Saturday, September 25, 2021

Francistown BMC struggling

The Botswana Meat Commission has admitted that its Francistown subsidiary is facing operational problems. Sources within the meat industry indicated this week that the Francistown abattoir is facing issues related to cattle supply from catchment areas. 

In a bid to address the matter, BMC Chief Executive Dr Akolang Tombale is set to address a farmers’ pitso in Francistown this coming week. Dr Tombale will also address amongst other issues related to operational concerns of the Francistown office. Through the said meeting, BMC intends to consult with cattle producers to propose remedial and implementable interventions to improve cattle supply to the Francistown abattoir.

Established in 1989, the Francistown abattoir has a slaughter capacity of 400 cattle per day, but has apparently failed to meet its target of slaughtering 88,000 cattle per year since its inception. A record slaughter was only achieved in 2010 when the abattoir slaughtered about 55,000 cattle. Since then, the abattoir has been struggling with annual slaughter, at times going as low as 10,000 or less.

BMC Public Relations Officer Brian Dioka said in an interview that the failure was caused by amongst other things out breaks of foot and mouth disease in some catchment areas as well as evasive cattle supply in areas bordering the plant. Dioka said Monday that there has also been a review of cattle supplies compliance requirements and subsequent delisting of the Francistown abattoir from the European Union market in 2010.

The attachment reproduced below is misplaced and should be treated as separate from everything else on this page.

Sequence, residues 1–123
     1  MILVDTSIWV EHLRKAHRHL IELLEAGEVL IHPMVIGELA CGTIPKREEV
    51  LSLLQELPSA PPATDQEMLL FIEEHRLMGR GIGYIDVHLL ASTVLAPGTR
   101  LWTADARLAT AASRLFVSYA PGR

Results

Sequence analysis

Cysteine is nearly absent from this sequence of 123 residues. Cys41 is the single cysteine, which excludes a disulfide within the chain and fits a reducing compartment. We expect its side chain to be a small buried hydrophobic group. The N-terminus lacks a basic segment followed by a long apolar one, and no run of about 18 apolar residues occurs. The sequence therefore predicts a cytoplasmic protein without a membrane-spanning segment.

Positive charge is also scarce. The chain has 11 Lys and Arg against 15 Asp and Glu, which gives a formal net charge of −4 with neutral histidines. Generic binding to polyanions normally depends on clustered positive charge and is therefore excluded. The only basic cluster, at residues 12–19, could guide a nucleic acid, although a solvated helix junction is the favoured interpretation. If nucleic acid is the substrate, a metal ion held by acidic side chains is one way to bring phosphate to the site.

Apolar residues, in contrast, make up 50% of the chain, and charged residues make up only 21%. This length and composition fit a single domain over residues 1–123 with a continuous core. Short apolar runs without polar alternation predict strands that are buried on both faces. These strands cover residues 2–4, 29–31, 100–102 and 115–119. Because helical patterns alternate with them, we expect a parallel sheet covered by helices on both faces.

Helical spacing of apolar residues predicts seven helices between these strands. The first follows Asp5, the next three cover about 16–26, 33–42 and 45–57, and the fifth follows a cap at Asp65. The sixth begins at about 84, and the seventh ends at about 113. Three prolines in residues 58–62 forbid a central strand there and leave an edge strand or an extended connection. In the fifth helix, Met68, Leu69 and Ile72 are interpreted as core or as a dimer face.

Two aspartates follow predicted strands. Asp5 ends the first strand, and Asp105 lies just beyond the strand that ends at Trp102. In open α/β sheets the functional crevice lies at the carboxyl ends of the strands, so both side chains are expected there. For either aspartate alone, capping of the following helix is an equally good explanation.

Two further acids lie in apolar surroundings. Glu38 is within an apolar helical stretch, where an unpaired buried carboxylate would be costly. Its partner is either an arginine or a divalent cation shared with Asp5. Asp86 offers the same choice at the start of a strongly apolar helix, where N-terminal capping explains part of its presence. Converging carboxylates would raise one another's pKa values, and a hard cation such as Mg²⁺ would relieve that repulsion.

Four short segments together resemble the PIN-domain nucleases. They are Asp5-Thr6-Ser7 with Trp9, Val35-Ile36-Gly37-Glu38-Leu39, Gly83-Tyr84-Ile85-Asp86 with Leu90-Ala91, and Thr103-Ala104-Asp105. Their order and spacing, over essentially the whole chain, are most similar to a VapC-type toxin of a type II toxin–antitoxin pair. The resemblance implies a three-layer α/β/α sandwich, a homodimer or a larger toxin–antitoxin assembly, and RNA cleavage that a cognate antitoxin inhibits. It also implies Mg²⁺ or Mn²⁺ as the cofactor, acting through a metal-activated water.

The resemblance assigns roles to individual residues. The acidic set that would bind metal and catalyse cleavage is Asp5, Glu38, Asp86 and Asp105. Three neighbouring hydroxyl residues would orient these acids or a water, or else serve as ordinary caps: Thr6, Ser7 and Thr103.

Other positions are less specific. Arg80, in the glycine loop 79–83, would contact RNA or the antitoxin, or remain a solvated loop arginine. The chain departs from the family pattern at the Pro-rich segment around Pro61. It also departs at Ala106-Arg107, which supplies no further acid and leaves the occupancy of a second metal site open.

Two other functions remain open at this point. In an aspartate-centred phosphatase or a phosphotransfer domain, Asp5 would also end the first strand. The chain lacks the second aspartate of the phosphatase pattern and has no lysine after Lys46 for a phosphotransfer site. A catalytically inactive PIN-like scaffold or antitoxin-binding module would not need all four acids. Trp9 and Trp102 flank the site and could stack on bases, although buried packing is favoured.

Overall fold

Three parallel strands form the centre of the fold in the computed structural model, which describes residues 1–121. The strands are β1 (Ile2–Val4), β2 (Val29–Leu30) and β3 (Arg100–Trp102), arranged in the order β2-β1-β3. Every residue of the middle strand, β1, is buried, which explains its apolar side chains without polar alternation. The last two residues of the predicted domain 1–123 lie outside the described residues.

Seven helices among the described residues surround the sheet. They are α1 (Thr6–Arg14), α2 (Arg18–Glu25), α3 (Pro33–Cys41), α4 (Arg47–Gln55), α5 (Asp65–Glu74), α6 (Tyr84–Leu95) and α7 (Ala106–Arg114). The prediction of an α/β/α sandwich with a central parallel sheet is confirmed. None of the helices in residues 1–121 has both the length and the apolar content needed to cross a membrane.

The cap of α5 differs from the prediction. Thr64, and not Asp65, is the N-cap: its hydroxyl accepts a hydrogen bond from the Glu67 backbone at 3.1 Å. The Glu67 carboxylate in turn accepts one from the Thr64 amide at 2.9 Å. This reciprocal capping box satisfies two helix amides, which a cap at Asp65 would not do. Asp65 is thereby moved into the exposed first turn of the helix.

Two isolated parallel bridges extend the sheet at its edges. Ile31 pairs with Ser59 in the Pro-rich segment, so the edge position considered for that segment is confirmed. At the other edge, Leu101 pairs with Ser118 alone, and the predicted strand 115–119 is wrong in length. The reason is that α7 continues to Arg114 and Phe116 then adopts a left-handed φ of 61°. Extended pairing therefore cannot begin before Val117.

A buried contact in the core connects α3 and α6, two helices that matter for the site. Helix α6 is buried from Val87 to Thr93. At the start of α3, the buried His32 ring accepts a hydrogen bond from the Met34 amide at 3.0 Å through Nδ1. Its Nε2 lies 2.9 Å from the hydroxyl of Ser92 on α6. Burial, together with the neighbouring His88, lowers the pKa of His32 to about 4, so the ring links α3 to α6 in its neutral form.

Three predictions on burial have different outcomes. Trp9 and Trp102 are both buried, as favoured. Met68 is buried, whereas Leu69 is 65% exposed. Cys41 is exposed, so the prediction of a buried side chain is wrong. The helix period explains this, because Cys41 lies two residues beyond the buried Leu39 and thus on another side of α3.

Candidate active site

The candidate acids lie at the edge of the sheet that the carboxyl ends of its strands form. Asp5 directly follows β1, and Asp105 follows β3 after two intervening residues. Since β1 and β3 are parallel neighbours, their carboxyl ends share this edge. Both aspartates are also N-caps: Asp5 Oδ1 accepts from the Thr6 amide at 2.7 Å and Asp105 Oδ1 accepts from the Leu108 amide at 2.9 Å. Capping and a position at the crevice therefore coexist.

Francistown BMC is currently slaughtering for non EU markets after it was delisted. Two months ago, the Francistown abattoir was planning to slaughter cattle from Ngamiland to augment the dwindling number of cattle it slaughters, but the plan was dealt a heavy blow when FMD broke out in Haina Veldt just days before the first load of cattle was delivered to the abattoir.

However, Dioka said BMC’s other abattoirs in Maun and Lobatse are doing well, as the Francistown abattoir was the only concern. 

“This is why we are going to hold the pitso in Francistown. We want to discuss the issue with farmers and encourage them to sell their cattle to us,” he said. 

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